From the New York Times bestselling author of Churchill, a towering historical biography, available for the first time in paperback.
William Gladstone was, with Tennyson, Newman, Dickens, Carlyle, and Darwin, one of the stars of nineteenth-century British life. He spent sixty-three of his eighty-nine years in the House of Commons and was prime minister four times, a unique accomplishment. From his critical role in the formation of the Liberal Party to his preoccupation with the cause of Irish Home Rule, he was a commanding politician and statesman nonpareil. But Gladstone the man was much more: a classical scholar, a wide-ranging author, a vociferous participant in all the great theological debates of the day, a voracious reader, and an avid walker who chopped down trees for recreation. He was also a man obsessed with the idea of his own sinfulness, prone to self-flagellation and persistent in the practice of accosting prostitutes on the street and attempting to persuade them of the errors of their ways. This full and deep portrait of a complicated man offers a sweeping picture of a tumultuous century in British history, and is also a brilliant example of the biographer’s art.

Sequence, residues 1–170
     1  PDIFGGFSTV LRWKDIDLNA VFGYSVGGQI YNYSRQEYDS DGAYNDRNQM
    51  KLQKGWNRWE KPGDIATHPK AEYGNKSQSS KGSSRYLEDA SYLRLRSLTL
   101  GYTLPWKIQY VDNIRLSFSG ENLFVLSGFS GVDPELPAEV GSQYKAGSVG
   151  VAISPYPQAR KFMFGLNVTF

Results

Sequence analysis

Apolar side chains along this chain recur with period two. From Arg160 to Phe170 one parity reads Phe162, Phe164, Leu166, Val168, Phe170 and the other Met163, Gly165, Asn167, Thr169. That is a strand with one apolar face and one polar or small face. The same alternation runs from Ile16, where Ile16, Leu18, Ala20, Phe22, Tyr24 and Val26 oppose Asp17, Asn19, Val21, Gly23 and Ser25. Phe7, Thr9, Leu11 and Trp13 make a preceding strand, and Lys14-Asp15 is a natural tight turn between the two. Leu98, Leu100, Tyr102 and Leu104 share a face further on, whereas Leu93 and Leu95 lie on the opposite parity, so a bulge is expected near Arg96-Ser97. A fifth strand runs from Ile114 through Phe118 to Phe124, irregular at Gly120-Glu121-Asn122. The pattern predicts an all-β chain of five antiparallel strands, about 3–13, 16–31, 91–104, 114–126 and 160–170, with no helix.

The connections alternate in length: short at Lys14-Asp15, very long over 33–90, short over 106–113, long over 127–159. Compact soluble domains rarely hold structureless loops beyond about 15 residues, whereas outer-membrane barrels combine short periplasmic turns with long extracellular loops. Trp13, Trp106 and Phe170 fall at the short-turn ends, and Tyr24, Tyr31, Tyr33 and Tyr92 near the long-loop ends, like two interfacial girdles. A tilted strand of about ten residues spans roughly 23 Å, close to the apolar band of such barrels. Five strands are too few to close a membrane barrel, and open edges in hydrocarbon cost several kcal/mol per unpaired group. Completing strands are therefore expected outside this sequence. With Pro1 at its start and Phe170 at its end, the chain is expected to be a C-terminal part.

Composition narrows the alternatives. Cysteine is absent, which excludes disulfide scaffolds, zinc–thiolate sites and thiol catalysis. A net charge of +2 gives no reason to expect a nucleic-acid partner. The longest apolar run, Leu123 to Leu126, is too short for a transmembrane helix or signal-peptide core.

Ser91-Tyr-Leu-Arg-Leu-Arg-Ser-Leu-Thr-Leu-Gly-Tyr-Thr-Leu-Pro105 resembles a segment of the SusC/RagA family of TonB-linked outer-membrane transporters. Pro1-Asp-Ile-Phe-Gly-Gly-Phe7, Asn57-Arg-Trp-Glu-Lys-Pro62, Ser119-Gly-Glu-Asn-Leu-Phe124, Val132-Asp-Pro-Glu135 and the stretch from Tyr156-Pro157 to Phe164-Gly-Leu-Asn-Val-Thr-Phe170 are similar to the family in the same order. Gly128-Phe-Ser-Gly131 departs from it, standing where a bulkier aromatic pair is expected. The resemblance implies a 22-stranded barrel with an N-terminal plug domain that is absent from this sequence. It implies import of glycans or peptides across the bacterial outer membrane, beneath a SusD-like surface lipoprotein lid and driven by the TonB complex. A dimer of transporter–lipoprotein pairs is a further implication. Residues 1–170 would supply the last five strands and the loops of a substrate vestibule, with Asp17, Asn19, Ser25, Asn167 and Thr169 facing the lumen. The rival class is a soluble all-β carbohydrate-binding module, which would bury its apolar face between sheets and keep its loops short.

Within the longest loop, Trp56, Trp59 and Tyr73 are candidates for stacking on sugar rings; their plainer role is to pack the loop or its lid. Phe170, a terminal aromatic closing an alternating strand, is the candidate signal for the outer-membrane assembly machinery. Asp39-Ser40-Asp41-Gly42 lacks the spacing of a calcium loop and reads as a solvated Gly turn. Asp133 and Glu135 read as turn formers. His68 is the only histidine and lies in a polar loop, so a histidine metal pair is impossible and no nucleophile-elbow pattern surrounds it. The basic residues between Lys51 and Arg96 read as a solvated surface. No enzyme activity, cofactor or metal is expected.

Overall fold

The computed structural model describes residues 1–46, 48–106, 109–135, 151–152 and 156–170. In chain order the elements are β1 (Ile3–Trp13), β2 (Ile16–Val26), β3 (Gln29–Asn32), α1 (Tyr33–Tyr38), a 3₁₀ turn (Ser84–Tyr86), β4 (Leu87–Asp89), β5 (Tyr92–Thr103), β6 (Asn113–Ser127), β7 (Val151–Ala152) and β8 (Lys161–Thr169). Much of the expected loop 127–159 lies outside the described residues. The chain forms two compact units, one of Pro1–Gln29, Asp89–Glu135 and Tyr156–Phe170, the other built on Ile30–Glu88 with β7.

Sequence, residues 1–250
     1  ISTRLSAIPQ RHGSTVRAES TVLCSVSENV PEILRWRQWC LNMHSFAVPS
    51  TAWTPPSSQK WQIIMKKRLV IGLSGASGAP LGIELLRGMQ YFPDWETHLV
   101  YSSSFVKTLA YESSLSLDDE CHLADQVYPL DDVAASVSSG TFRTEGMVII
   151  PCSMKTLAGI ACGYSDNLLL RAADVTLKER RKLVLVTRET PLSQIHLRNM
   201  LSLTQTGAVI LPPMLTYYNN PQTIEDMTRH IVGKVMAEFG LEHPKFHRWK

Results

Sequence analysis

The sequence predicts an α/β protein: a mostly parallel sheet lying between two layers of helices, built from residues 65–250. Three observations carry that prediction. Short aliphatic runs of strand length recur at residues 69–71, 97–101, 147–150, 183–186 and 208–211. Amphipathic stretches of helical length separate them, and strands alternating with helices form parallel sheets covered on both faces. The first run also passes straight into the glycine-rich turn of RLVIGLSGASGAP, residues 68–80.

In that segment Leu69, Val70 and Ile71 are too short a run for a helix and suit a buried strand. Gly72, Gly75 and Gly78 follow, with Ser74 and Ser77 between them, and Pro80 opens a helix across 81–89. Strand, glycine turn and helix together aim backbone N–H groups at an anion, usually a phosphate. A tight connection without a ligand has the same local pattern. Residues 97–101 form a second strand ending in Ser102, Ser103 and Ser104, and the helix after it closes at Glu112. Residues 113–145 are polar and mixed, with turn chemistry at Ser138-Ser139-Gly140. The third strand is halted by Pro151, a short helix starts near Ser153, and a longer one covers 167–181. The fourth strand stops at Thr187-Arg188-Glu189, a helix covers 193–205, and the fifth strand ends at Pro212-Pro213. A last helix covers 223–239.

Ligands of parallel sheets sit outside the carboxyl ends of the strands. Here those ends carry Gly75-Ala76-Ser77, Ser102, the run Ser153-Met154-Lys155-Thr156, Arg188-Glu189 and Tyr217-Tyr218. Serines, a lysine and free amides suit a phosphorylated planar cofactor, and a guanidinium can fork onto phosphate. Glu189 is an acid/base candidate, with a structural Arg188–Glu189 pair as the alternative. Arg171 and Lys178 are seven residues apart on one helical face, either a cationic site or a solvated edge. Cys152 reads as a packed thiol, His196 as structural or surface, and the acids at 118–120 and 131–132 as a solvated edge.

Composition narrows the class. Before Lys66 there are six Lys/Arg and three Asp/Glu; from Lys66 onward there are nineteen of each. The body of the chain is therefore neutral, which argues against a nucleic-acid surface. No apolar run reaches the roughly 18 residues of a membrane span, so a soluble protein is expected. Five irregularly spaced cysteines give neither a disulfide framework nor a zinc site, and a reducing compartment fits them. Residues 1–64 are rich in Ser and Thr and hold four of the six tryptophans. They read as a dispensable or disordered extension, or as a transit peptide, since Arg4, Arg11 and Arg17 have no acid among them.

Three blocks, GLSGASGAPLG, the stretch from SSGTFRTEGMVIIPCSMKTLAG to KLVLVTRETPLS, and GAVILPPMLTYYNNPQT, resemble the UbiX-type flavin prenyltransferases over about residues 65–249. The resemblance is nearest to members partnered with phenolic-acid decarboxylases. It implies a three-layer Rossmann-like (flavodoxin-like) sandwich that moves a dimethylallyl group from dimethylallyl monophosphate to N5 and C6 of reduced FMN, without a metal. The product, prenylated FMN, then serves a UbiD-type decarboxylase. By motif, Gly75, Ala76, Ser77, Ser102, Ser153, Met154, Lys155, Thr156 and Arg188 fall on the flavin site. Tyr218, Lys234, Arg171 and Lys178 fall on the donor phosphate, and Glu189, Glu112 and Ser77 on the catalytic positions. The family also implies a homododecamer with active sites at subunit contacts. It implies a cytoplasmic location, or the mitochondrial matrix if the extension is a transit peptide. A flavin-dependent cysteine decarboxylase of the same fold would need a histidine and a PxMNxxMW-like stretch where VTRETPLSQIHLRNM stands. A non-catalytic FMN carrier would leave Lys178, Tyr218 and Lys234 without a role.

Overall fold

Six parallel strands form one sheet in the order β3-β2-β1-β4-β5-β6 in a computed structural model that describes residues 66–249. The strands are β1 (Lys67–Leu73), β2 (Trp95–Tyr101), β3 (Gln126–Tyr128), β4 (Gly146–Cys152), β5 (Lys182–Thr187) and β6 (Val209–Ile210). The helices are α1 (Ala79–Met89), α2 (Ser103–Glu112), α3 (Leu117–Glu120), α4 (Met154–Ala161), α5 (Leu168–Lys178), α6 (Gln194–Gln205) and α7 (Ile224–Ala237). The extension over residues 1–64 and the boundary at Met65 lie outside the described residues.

About Roy Jenkins
Roy Jenkins is the author of 18 books, including Gladstone (1997), which won the Whitbread Prize for Biography. Active in British politics for half a century, he entered the House of Commons in 1948 and subsequently served as Minister of Aviation, Home Secretary, and Chancellor of the Exchequer; he has also been the President of the European Commission and Chancellor of Oxford University. In 1987 he took his seat in the House of Lords
“Excellent...wry, urbane, and laced with a gentle, affectionate irony—exactly the right tone for a historical monument who really was monumental....Jenkins makes Gladstone’s life intelligible, affecting...entertaining.” —The Boston Sunday Globe
“A question that Jenkins’s biography raises for the reader: why is it so much fun to read about Victorian politics?...An exhaustive, permanent biography, whose greatest virtue is its extraordinary worldliness. Jenkins has a bred-in-the-bone sense, almost unique among political biographers, of politics as improvisation, game, and even theatre.” —The New Yorker